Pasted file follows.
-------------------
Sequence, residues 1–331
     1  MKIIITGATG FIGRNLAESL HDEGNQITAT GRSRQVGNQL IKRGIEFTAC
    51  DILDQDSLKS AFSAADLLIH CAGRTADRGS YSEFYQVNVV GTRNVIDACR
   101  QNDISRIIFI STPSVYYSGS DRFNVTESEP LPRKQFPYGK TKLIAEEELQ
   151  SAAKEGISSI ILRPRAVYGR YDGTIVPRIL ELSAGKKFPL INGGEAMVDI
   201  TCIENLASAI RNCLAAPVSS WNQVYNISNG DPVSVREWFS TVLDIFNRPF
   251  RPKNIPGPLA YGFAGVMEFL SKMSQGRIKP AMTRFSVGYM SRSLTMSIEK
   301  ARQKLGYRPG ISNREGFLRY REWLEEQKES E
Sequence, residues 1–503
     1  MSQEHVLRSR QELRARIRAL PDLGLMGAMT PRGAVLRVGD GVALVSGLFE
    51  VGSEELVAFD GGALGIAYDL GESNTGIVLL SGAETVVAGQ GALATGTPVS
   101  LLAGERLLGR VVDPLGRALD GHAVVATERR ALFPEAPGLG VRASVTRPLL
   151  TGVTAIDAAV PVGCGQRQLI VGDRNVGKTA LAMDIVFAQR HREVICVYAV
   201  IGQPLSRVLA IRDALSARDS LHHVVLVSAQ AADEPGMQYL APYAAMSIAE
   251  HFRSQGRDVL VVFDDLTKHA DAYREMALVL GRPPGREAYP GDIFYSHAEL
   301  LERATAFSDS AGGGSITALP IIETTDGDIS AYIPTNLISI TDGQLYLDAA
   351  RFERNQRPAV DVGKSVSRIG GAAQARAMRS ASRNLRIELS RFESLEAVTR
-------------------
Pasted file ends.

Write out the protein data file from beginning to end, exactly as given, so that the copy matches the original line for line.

Sequence, residues 1–331
     1  MKIIITGATG FIGRNLAESL HDEGNQITAT GRSRQVGNQL IKRGIEFTAC
    51  DILDQDSLKS AFSAADLLIH CAGRTADRGS YSEFYQVNVV GTRNVIDACR
   101  QNDISRIIFI STPSVYYSGS DRFNVTESEP LPRKQFPYGK TKLIAEEELQ
   151  SAAKEGISSI ILRPRAVYGR YDGTIVPRIL ELSAGKKFPL INGGEAMVDI
   201  TCIENLASAI RNCLAAPVSS WNQVYNISNG DPVSVREWFS TVLDIFNRPF
   251  RPKNIPGPLA YGFAGVMEFL SKMSQGRIKP AMTRFSVGYM SRSLTMSIEK
   301  ARQKLGYRPG ISNREGFLRY REWLEEQKES E
Sequence, residues 1–503
     1  MSQEHVLRSR QELRARIRAL PDLGLMGAMT PRGAVLRVGD GVALVSGLFE
    51  VGSEELVAFD GGALGIAYDL GESNTGIVLL SGAETVVAGQ GALATGTPVS
   101  LLAGERLLGR VVDPLGRALD GHAVVATERR ALFPEAPGLG VRASVTRPLL
   151  TGVTAIDAAV PVGCGQRQLI VGDRNVGKTA LAMDIVFAQR HREVICVYAV
   201  IGQPLSRVLA IRDALSARDS LHHVVLVSAQ AADEPGMQYL APYAAMSIAE
   251  HFRSQGRDVL VVFDDLTKHA DAYREMALVL GRPPGREAYP GDIFYSHAEL
   301  LERATAFSDS AGGGSITALP IIETTDGDIS AYIPTNLISI TDGQLYLDAA
   351  RFERNQRPAV DVGKSVSRIG GAAQARAMRS ASRNLRIELS RFESLEAVTR